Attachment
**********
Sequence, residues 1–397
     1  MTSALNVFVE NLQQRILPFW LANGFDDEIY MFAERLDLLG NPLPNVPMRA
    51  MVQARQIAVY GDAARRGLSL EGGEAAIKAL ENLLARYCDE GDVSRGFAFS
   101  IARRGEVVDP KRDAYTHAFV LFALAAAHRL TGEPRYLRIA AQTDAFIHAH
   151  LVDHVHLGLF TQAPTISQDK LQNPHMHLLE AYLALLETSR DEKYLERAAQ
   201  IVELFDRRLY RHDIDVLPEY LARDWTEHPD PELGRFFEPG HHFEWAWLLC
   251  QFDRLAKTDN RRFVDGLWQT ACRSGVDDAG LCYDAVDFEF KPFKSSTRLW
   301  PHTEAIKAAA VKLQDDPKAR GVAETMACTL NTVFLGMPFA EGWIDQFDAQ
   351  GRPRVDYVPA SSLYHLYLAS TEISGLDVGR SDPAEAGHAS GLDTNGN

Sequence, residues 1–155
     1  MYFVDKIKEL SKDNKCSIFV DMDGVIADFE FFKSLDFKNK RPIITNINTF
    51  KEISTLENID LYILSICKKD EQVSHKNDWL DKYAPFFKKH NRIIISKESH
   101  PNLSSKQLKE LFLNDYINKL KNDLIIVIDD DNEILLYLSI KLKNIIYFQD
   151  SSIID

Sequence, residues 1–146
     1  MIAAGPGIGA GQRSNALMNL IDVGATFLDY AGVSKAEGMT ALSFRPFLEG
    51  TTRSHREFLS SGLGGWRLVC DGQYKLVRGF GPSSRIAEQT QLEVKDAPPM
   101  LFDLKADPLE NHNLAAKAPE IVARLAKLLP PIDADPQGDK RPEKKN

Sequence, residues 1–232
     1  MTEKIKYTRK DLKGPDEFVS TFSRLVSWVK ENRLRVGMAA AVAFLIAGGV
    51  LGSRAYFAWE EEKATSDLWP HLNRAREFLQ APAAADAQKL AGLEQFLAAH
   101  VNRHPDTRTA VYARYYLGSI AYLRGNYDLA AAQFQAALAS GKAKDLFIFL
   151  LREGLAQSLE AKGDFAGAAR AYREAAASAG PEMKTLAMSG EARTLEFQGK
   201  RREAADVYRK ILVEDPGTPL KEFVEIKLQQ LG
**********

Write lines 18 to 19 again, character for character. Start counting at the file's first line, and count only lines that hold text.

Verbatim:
   101  LFDLKADPLE NHNLAAKAPE IVARLAKLLP PIDADPQGDK RPEKKN

Sequence, residues 1–232